The Black Lives Matter movement swept the world, protests followed, and then another black man was murdered in cold blood by a white policeman in America. More to take on board.


This year has certainly been different. There have been more important things to think and care about, and footy, well – it really is just a game.


Marshall is back on the couch and with Tony still nowhere in sight to watch our third quarter heroics, the Swannies seem to be on their way to victory. Heeney goals from 50 metres, Paps adds another from 45 metres; both of these champs are involved again, but three consecutive behinds blot our copybook a little, before that man Papley shows why we should never let him leave the Bloods. He produces a miraculous handball over his head – while being tackled by three North guys – to James Rowbottom, who snaps a beauty from 20 metres.


“Tony, Tony, where are you, come and see this,” I yell, to no avail!


Paps – having a wonderful game – gathers a running ball, handballs 20 metres to Lewis Taylor and from the goal square, we add another. Luke Parker, from 50 metres, kicks truly, before North adds a major before the siren. Swans by 27 points.


Tony walks past the screen and says “Wow!”. Asking him, again, to watch, he says he gets too nervous and will see the replay – if we win!


The last quarter, especially as North pile on a couple of goals and with us leading by just 17 points with only five minutes on the clock, sees me breathing heavily and starting to sweat. I’m supposed to be disengaged, I think to myself. Snap out of this Jan, it’s only a game! Apparently, I’m yelling and swearing at the tele, enough to bring the family into the room to see the remaining minutes (except Tony). Another goal to North and my heart is racing to the all–familiar 70–year red and white Swans love affair habit, and all I can think about is the red and the white. As Goldstein marks on the 50 metre line, the siren goes, and the tele cuts off. I discover later that he missed and we’ve hung on to an 11 point victory.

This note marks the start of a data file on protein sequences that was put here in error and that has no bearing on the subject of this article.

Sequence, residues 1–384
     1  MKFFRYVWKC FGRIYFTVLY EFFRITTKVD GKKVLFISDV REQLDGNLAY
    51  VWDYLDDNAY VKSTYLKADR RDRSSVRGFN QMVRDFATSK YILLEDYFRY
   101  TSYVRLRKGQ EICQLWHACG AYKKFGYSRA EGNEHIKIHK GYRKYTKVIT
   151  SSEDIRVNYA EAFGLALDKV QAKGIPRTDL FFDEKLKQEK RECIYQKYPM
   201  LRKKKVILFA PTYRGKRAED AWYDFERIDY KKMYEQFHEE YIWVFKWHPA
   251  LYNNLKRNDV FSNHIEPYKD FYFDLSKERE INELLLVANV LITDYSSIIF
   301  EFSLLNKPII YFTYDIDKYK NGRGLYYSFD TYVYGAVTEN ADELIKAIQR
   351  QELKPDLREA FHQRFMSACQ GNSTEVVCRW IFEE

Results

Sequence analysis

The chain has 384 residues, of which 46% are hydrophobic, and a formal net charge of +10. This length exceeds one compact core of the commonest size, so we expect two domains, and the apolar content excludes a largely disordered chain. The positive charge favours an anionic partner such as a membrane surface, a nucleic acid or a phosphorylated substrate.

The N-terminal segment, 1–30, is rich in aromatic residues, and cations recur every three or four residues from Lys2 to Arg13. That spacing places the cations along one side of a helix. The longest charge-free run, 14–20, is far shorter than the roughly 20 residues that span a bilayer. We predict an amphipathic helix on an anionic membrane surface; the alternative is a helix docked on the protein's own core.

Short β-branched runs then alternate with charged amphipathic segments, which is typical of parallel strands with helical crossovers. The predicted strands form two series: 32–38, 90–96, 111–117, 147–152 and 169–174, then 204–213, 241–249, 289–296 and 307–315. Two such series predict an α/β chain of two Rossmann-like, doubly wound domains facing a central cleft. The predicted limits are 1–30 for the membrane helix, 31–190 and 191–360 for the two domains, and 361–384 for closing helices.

We all celebrate and then wander outside to Tony and a wonderful log fire that he’s been preparing. I tell him he’ll be able to watch the replay without any stress, and he just smiles.


We sit by the fire for a couple of hours, talking coronavirus, racism, other injustices, the environment, politics, addictions, sexual abuse of children, and a myriad of human–frailty behaviours. Football does not come into the conversation.


Arriving back in Melbourne at 9.30pm what I really want to do is watch the replay of our gutsy win. Instead, I go to bed and seriously contemplate whether my footy disengagement has shifted.


Go Bloods!





Our writers are independent contributors. The opinions expressed in their articles are their own. They are not the views, nor do they reflect the views, of Malarkey Publications.


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About Jan Courtin

A Bloods tragic since first game at Lake Oval in 1948. Moved interstate to Sydney to be closer to beloved Swans in 1998. My book "My Lifelong Love Affair with the Swans" was launched by the Swans at their headquarters at the SCG in August 2016.


  1. Keiran Croker says

    Ah Jan, it’s only a game, but we love it. And sure there are more weighty and life challenging events absorbing us in recent times, but that just makes it so more important to embrace the things we love … sport, music and the environment and particularly our Swans!